By Tiffany Deluccia
Mark Meyer is the newest member of The Unstuck Group team, having joined us at the beginning of 2014. His experience contributes a distinct perspective on strategic ways of thinking that churches can employ to build culture and stay focused on their mission.
Read on to find out more about Mark and his thoughts on what churches should be doing in 2014 to maximize team performance and culture.
TIFFANY: Tell me a little about your background and experience that led you to join The Unstuck Group this year.
MARK: I’ve been in the business arena for 25 years (most recently as COO of a technology consulting company) and have served in various leadership roles at my church (Granger Community Church) as it has grown from 300 to 5,000 attendees. I live in both worlds as a preacher’s kid and a business dude.
The Unstuck Group is about bringing best practices and strategic thinking to the Church at a time when many are in decline, spinning their wheels or having troubles breaking through lids. The message of Christ is the greatest hope in our world, and having an opportunity to be part of this team–to roll up our sleeves with churches across the country–is exciting!
TIFFANY: How/when did you discover you had a passion for helping churches get unstuck?
MARK: Really, it’s been an evolution over time. As my experiences grew, it became clear to me that the expectations, questions and rhythms in business were different than most churches I encountered. At the same time, I had a unique opportunity to learn more about leadership from my church than any corporate experience.
More than anything else, Christ matters. The Church can’t afford to spin its wheels: We’re called to bring our best. That drives my passion to help churches get unstuck.
TIFFANY: You’re fond of saying you believe the Church and businesses can learn a lot from each other. Could you share some specific observations?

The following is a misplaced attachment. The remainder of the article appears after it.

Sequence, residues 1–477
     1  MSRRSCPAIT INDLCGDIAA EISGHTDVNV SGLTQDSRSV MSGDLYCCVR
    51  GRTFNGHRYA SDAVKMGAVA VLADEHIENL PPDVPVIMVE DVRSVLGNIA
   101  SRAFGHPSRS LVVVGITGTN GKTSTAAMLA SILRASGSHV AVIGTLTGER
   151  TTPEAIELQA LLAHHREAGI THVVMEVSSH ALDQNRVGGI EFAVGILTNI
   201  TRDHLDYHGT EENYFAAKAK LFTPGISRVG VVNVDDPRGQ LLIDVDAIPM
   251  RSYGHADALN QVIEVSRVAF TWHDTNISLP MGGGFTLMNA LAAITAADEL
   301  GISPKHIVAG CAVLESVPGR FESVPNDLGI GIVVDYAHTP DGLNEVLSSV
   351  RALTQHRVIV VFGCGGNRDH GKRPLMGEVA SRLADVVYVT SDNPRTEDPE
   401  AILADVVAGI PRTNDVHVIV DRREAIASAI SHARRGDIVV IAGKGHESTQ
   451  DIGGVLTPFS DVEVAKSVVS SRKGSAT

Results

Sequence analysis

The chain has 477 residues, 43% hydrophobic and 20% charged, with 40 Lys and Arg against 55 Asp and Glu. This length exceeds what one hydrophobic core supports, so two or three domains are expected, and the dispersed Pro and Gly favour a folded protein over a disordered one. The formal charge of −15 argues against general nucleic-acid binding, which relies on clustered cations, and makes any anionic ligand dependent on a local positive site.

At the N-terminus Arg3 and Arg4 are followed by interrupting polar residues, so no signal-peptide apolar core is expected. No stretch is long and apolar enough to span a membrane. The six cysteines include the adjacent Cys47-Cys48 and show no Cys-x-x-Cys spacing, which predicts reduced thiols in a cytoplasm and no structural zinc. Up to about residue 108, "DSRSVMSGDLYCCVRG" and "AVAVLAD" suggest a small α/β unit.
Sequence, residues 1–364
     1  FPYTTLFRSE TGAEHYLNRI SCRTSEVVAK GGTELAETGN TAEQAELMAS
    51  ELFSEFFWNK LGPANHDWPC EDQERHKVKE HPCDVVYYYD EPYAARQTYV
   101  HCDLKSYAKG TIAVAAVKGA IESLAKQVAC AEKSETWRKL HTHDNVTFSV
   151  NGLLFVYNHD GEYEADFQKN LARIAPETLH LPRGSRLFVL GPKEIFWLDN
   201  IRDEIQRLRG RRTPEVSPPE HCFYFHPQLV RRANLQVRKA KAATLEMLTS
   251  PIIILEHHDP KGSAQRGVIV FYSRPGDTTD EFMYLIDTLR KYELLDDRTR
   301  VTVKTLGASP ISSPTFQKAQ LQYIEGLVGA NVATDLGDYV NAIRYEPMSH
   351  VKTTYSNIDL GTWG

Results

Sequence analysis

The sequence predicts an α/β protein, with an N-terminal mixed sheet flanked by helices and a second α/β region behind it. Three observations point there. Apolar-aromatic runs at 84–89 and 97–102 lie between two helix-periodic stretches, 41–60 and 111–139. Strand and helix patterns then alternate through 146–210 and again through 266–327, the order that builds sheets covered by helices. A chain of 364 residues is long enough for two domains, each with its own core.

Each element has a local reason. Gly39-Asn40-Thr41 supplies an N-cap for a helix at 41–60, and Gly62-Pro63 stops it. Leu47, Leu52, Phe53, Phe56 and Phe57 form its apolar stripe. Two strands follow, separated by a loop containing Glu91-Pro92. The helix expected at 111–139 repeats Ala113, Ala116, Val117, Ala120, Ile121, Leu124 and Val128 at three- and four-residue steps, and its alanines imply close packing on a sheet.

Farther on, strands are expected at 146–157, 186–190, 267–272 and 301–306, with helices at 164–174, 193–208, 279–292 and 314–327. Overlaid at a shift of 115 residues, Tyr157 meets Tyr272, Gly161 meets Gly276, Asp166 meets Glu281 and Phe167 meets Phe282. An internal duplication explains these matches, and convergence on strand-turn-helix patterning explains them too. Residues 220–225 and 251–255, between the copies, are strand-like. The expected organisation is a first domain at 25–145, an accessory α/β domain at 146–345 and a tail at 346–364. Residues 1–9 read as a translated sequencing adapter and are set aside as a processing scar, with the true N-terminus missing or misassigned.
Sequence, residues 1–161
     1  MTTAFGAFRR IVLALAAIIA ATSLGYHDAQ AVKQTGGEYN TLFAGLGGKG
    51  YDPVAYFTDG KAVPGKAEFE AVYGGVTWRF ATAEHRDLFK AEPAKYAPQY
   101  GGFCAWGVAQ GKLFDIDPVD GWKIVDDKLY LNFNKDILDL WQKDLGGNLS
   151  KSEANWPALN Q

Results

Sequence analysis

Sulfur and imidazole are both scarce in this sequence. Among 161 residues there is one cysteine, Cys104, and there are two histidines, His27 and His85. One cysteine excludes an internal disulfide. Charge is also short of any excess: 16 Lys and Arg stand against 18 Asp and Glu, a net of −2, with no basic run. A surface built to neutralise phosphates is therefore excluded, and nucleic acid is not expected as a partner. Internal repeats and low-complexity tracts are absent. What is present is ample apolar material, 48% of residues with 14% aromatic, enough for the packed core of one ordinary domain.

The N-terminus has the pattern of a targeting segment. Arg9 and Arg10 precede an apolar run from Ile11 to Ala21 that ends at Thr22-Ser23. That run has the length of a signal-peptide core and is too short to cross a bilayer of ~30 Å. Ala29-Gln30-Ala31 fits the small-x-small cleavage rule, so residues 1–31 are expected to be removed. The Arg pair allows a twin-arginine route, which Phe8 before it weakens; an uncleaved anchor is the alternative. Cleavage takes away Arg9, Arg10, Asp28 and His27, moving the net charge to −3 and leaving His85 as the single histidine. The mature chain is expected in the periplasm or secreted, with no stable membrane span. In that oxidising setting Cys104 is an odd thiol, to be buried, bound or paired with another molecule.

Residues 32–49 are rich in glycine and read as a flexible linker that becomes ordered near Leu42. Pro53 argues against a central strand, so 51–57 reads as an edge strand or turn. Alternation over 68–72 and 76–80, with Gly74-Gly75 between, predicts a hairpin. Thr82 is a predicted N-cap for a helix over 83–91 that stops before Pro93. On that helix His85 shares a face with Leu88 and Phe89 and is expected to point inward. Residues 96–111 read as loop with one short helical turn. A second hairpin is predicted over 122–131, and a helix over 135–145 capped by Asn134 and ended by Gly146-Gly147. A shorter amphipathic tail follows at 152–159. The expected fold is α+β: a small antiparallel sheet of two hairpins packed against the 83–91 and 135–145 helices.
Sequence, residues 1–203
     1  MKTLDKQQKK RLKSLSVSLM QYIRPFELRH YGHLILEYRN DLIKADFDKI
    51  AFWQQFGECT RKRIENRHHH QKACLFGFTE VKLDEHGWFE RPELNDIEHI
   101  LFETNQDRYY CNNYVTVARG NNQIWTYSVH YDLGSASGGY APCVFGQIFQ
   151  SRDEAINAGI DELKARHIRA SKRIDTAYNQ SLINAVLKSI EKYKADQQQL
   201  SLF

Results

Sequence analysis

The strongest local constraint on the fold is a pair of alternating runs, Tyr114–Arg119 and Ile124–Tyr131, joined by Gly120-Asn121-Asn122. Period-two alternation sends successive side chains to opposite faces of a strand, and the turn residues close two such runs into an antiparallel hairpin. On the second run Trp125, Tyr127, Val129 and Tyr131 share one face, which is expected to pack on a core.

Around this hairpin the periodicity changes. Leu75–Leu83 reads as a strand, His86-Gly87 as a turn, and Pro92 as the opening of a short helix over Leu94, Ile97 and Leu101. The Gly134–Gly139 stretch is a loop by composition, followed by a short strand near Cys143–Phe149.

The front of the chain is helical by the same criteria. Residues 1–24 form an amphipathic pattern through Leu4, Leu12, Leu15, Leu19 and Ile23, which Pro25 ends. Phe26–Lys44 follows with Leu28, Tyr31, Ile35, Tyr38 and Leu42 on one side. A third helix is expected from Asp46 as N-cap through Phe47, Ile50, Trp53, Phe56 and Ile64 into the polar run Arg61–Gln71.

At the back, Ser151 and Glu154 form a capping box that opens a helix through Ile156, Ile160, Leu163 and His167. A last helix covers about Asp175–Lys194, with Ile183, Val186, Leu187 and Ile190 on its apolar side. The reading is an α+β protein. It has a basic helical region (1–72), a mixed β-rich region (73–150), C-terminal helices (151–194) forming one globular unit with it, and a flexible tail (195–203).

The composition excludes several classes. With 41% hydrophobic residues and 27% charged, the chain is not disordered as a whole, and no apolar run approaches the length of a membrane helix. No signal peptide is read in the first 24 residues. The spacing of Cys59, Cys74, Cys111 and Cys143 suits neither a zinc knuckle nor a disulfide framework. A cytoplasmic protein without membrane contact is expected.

MARK: The Church and the message of Christ says that all people matter, we’re made for a purpose, and are uniquely gifted. I believe these values can and should carry over into the business community. Far too many organizations struggle to communicate the “why” (beyond a paycheck) for their employees. They have dust collecting on their plaques of core values.
Strong businesses understand who their target client is and what they value. They adapt as they learn and build relationships with people to sell their goods and services.
I don’t think many churches really understand what the “Average Joe” in their towns actually thinks about church or why he doesn’t have an interest in being part of it. Together, we need to do a much better job of figuring that out. It’s hard work and takes great intentionality to build relationships with people outside of the Church and to earn the right to have great conversations with them.
TIFFANY: What is the first action step you would recommend to a Church or business that realizes it needs to make maximizing team performance and culture a priority in 2014?
MARK: Candid perspective is critical for any organization that wants to understand how they got where they are today and what’s working, broken, confused or missing. Like a NASCAR driver, every once in a while you have to make a pit stop.
We overvalue our busy schedules and confuse that with productivity when often we’re simply continuing to drift off target. I’d recommend they start by asking the hard questions: Do we know what is really working? Is our message connecting? Is our team clear on the vision? Without taking a brief timeout as a team, you’ll eventually run out of fuel.